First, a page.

Here's a brainteaser: Would you invest $10,000 in a mutual fund without knowing its past performance? Probably not. Yet, if you were in charge of $13 trillion of pension money, would you accept the recommendation of an investment consultant without knowing its performance record? The answer is yes. It happens every day.
Welcome to the bizarre world of pension funds and investment consultants. At a time when individual investors are increasingly demanding transparency in performance track records, the biggest slice of the investment world — pension funds — has conspicuously turned a blind eye to demanding track records from their most influential advisers, investment consultants.
A new study by professors at the University of Oxford is causing a stir in the staid pension investment industry, highlighting the subpar performance of most consultants and, more important, the lack of disclosure that would allow the public to even know about it.
The study demonstrates, perhaps for the first time, that the investment consultants that pension funds rely on to advise them about what funds and investments they should make — resulting in tens of millions of dollars in fees each year — are, as one of the authors of the survey says, "worthless."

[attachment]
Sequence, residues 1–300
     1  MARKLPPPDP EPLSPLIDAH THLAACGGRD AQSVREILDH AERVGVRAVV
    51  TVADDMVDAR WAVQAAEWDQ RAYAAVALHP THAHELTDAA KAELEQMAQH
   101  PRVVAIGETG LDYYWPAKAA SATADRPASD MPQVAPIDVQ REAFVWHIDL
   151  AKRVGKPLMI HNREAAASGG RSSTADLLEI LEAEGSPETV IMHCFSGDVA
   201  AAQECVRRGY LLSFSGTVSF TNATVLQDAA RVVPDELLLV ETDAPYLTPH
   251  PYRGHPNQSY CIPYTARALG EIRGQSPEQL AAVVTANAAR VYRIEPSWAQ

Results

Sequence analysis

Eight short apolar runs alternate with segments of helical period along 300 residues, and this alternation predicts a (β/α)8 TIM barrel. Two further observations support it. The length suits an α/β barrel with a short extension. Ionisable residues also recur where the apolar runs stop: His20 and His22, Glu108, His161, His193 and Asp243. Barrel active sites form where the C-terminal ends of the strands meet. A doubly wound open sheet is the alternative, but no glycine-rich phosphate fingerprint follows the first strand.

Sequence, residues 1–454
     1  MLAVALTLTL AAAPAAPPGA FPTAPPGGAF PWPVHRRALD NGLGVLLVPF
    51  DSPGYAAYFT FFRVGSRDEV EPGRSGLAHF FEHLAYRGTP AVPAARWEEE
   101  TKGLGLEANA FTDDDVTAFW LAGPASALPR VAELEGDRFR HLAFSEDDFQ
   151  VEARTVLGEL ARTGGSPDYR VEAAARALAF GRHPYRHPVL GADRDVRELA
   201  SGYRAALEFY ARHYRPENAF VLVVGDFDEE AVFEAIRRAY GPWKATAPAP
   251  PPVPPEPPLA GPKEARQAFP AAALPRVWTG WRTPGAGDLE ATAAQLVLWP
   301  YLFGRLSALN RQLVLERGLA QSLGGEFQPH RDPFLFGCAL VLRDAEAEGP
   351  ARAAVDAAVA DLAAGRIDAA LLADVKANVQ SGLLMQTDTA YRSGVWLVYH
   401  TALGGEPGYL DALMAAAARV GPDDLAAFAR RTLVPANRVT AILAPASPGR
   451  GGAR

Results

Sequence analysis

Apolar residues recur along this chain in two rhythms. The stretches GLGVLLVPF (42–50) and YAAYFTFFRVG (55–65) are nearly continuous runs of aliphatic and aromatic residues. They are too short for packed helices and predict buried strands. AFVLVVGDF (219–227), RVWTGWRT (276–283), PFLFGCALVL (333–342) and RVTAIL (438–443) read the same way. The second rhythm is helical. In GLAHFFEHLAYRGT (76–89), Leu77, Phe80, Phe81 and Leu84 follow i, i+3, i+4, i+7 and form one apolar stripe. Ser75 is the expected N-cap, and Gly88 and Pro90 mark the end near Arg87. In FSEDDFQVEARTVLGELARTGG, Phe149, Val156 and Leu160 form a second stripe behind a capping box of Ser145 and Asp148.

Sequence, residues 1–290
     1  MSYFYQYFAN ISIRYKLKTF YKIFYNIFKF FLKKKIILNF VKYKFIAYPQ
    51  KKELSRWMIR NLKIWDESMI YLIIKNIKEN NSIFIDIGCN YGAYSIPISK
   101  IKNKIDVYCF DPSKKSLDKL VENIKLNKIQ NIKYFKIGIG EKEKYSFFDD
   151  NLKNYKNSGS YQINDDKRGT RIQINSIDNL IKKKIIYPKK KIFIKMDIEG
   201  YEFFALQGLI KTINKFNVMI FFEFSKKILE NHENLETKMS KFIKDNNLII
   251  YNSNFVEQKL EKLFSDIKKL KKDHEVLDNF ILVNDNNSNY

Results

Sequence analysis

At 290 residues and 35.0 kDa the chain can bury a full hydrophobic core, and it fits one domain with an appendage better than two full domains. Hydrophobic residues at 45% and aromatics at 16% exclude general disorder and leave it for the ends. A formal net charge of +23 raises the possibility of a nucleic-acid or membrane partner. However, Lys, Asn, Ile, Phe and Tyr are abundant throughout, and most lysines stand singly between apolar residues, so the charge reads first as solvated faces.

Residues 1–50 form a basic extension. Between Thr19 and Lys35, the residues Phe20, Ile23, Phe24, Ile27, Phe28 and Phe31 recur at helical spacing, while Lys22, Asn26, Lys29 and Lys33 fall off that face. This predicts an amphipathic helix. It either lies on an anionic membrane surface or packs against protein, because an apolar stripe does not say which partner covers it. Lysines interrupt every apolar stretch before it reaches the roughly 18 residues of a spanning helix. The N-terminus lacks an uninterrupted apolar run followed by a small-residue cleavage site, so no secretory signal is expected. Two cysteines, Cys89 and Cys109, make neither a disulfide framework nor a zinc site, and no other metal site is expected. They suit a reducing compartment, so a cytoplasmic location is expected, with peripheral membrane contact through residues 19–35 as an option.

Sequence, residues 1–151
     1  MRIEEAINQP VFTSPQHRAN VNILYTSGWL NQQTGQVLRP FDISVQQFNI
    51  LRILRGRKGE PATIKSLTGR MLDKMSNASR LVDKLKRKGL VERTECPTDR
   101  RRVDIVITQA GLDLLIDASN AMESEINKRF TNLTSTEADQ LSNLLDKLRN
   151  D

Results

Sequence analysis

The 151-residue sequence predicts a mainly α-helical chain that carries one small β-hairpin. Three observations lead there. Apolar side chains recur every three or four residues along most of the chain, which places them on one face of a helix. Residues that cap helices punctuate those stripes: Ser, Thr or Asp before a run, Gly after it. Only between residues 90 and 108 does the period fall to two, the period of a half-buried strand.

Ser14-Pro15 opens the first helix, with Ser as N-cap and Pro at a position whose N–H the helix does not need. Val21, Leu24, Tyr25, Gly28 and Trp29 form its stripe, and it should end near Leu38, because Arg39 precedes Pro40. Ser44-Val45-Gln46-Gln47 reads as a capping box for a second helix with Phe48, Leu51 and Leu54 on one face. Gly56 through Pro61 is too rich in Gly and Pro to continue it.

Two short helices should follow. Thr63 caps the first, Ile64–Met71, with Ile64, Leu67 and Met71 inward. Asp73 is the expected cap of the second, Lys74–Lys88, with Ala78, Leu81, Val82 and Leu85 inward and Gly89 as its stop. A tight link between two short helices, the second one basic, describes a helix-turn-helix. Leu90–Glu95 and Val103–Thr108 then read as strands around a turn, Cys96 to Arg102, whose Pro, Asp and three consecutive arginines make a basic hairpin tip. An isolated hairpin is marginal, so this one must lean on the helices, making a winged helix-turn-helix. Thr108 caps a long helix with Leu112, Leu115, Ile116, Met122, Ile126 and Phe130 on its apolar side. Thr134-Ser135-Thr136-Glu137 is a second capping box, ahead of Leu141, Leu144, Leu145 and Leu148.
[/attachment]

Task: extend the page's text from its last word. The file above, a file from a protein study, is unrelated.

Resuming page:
"It's a waste of money listening to consultants," Howard Jones, one of the authors of the study, told me he concluded. "It's a service that is useless."
Mr. Jones and his colleagues, Tim Jenkinson and Jose Vicente Martinez, examined the recommendations of investment consultants from 1999 to 2011 related to United States equities. It culled the data from Greenwich Associates, which had collected it anonymously from 29 firms, representing 91 percent of the entire investment consulting industry's market share in the United States.
The result of the study is nothing short of breathtaking if you're in the investment management business: "The analysis finds no evidence that the recommendations of the investment consultant for these U.S. equity products enabled investors to outperform their benchmarks or generate alpha," a measure of performance that adjusts for risk. The study found that, on average, the consultants' recommendations underperformed their benchmarks by about 1 percent.
Those recommendations are worth big fees to the consulting firms. In 2012, Calpers, the big California pension fund, paid $33 million in fees to outside investment consultants. CalSTRS, the California teachers' fund, spent nearly $9 million. New York State and Local Retirement System spent nearly $7 million. Pennsylvania State Employees' Retirement System spent about $4 million. The list goes on.